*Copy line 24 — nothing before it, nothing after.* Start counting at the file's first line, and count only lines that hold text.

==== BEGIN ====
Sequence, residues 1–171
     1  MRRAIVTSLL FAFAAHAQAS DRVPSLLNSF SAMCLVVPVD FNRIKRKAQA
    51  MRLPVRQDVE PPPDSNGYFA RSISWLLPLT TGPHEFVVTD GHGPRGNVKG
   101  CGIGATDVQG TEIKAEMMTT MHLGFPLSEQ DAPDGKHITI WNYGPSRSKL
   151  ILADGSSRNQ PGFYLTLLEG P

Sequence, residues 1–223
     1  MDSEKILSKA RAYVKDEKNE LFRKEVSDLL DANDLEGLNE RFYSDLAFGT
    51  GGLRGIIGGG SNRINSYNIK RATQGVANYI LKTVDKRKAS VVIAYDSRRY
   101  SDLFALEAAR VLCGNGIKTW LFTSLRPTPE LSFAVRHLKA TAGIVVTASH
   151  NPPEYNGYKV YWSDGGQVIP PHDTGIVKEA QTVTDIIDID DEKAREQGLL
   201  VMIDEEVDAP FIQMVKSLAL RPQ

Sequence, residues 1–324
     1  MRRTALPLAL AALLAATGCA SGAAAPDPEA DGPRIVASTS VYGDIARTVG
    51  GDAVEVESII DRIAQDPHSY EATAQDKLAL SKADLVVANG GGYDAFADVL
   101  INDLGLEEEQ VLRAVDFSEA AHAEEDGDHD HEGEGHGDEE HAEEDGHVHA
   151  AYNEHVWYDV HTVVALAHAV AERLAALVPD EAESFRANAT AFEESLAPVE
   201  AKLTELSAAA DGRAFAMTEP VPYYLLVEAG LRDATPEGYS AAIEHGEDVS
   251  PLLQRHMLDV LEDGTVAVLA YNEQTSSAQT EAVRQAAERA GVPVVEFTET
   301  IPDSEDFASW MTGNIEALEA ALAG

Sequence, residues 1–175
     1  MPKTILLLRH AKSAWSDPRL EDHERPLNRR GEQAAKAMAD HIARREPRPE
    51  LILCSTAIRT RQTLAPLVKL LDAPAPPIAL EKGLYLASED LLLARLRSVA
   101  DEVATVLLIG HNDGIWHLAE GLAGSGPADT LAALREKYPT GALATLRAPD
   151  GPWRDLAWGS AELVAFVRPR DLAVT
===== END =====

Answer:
   151  GPWRDLAWGS AELVAFVRPR DLAVT